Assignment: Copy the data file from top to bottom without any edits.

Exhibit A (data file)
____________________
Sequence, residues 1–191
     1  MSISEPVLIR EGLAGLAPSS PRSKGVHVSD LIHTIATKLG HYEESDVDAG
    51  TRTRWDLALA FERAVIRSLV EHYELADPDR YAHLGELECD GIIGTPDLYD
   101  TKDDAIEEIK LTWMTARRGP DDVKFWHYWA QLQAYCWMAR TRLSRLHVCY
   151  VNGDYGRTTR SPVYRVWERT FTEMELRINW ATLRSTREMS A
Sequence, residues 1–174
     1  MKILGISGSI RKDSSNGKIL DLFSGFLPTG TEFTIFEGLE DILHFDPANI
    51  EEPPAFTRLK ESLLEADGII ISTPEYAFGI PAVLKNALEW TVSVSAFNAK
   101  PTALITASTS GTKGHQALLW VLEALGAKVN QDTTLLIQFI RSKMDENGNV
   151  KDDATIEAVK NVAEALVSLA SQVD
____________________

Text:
Sequence, residues 1–191
     1  MSISEPVLIR EGLAGLAPSS PRSKGVHVSD LIHTIATKLG HYEESDVDAG
    51  TRTRWDLALA FERAVIRSLV EHYELADPDR YAHLGELECD GIIGTPDLYD
   101  TKDDAIEEIK LTWMTARRGP DDVKFWHYWA QLQAYCWMAR TRLSRLHVCY
   151  VNGDYGRTTR SPVYRVWERT FTEMELRINW ATLRSTREMS A
Sequence, residues 1–174
     1  MKILGISGSI RKDSSNGKIL DLFSGFLPTG TEFTIFEGLE DILHFDPANI
    51  EEPPAFTRLK ESLLEADGII ISTPEYAFGI PAVLKNALEW TVSVSAFNAK
   101  PTALITASTS GTKGHQALLW VLEALGAKVN QDTTLLIQFI RSKMDENGNV
   151  KDDATIEAVK NVAEALVSLA SQVD